15:34-36 After Mary had been by the cross for six terrible hours John recorded how Jesus asked him to take her back to his home (John 19:25-28). That night she would have joined John's family in the Passover ritual. Then Mark heard the loud cry in Aramaic, which he translated as "My God, my God, why have you forsaken me." Obviously the Father had not abandoned his Son, but in his human experience Jesus felt that he was now totally abandoned. (echoing Psalm 22:1). By then the darkness had lifted and some curiosity seekers arrived. Hearing the Aramaic "Eloi, Eloi, lema sabachtani," the bystanders thought it was a cry for Elijah to come and help. One of them put a sponge of vinegar (not wine, see note on 15:23) to his lips, and with another loud cry Jesus died (John recorded the cry as "It is finished," John 19:30). Perhaps from Mary's account when he interviewed her, Luke added the last words that she heard "Father, into your hands I commend my Spirit" (Luke 23:46, quoting Psalm 31:5).
15:37-38 Obviously Mark could not see what happened inside the temple. Everybody knew there was a heavy curtain that separated the sanctuary from the holy of holies (as ordered in Exodus 26:31-35). But it was current knowledge all over the city that this curtain was torn "from the top to the bottom" just at the time when Jesus breathed his last on the cross. Mark makes no theological comment about this. The curtain must have been quickly repaired as it was essential for the temple ritual (see Hebrews 9:8, and its spiritual significance in 10:19-20), and it apparently remained until the temple was destroyed 40 years later by the Romans (AD 70).
15:39 Mark then noted the reaction of the Roman army captain (a centurion was over a company of 100 men) who had watched Jesus' reactions when he was on the cross for six hours. He did not make a theological statement of faith in Jesus as the eternal Son of God. What he said was "Truly this man was a son of God." Matthew, who may have been in the city at that time, remembered an earthquake, and tombs cracking open. Then there was the astonishing sight of people released from sheol (the abode of the dead) appearing with resurrection bodies in the city. It seems that the very first thing Jesus did when he died and had entered paradise with his resurrection body (Luke 23:43) was to terminate sheol and give the Old Testament saints their resurrection bodies (as Jesus himself said in John 5:25-29).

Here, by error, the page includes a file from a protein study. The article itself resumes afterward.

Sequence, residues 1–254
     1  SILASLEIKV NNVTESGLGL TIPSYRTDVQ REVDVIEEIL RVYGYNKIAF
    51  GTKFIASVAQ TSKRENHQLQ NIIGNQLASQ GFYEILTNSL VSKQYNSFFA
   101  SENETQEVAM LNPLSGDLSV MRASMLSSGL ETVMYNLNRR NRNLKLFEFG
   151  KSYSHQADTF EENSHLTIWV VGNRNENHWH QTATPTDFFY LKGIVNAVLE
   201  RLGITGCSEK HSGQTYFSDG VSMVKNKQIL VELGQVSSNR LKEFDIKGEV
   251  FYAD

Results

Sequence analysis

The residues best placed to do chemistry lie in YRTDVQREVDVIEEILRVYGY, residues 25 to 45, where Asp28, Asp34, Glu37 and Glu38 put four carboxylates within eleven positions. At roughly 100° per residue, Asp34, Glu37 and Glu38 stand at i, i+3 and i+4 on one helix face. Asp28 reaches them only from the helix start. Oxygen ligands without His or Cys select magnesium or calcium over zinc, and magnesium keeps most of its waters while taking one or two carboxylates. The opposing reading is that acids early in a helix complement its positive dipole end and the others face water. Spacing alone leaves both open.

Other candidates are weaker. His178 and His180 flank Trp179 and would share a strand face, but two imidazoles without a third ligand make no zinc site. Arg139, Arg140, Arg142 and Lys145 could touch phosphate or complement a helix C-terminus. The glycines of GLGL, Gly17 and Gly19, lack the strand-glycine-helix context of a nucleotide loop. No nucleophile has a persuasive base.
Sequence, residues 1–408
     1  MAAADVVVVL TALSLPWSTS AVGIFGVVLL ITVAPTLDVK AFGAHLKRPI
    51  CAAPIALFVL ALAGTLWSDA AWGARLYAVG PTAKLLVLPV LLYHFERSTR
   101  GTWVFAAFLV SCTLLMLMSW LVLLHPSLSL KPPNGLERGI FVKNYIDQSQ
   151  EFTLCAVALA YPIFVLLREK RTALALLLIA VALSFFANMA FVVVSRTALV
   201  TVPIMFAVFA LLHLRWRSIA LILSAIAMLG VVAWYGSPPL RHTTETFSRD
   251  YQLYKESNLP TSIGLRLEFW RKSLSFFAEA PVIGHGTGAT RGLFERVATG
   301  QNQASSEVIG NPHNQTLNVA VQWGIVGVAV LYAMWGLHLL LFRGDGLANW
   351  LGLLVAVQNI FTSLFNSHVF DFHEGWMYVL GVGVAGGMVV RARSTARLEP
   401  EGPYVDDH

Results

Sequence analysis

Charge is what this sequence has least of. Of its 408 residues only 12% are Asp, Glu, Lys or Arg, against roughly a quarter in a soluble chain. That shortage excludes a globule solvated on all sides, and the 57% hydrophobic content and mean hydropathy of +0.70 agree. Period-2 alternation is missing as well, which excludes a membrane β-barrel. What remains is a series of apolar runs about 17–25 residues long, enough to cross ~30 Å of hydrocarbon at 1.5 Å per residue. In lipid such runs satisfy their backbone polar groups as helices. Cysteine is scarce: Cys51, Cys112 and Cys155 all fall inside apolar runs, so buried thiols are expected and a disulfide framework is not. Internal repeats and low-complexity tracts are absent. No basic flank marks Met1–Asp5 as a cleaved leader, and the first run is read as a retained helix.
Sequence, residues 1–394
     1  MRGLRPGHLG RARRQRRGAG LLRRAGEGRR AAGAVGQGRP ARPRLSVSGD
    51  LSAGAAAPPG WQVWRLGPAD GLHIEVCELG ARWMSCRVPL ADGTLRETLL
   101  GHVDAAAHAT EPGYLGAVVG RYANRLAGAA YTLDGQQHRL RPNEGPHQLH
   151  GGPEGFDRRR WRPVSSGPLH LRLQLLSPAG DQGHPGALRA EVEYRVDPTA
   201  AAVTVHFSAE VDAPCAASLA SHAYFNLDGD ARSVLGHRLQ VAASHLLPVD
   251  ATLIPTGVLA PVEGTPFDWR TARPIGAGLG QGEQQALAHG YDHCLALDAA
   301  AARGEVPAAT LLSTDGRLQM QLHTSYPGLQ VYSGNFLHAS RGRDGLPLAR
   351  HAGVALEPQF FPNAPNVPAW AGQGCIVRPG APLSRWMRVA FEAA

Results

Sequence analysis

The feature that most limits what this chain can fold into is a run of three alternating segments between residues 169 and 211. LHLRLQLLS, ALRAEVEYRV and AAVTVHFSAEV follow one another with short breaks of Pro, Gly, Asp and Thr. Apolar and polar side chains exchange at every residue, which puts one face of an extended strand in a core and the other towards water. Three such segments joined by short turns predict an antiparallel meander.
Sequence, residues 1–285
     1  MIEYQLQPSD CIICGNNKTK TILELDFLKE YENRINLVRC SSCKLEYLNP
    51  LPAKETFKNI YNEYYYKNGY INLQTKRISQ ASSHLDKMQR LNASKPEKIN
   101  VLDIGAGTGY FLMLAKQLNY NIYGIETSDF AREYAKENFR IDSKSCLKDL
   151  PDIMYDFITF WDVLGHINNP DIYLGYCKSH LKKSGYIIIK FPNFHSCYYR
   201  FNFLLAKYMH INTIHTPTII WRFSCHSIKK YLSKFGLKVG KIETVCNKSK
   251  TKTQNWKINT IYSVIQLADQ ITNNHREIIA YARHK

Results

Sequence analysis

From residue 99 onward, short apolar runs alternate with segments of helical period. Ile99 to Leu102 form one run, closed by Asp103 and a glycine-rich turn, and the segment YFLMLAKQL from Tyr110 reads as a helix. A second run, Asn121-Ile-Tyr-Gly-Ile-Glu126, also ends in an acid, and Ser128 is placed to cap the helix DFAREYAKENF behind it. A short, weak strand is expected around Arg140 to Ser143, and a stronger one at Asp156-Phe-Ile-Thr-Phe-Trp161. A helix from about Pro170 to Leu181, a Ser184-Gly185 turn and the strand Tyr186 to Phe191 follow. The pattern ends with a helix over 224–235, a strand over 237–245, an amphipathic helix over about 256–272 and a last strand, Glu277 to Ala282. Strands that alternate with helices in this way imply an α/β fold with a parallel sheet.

15:40 The women continued their vigil right to the end. Mark probably knew some of them. Fourteen years later (just before he interviewed Peter), they would have gathered at his mother's home for prayer (Acts 12:12). Mark does not mention Mary Magdalene during Jesus' ministry but Luke (as a doctor always interested in medical conditions) identified her as "Mary, called Magdalene (probably indicating she came from the town of Magdala on the west side of the Lake of Galilee), from whom seven demons had gone out" (Luke 8:2). Mary, the mother of James the younger and Joses (Joseph in Mathew 27:56) was probably the sister of Mary the wife of Clopas who was with Mary by the cross (Greek klopa, John19:25). She may have been the other disciple walking on the road to Emmaus with her husband Cleopas (Greek kleopas, Luke 24:18).
15:41 Mark adds that he had heard how these women were disciples of Jesus in Galilee, and they used to provide for (Greek diykonoun meaning served as deacons) the needs of Jesus and his apostles. Two ancient manuscripts deleted the words "and they served him" in case they could suggest an immoral relationship. Luke does not identify the women at this point, but he was probably curious to find out about them and he mentions Mary Magdalene and others "who provided for them (the same verb diykonoun) out of their resources (Luke 8:2-3). That suggests that, rather than cooking meals and doing laundry, they were wealthy women who paid some of the expenses of the apostolic team. One of them was Joanna, the wife of Herod's steward Chuza, a very important man who was responsible for the whole royal household.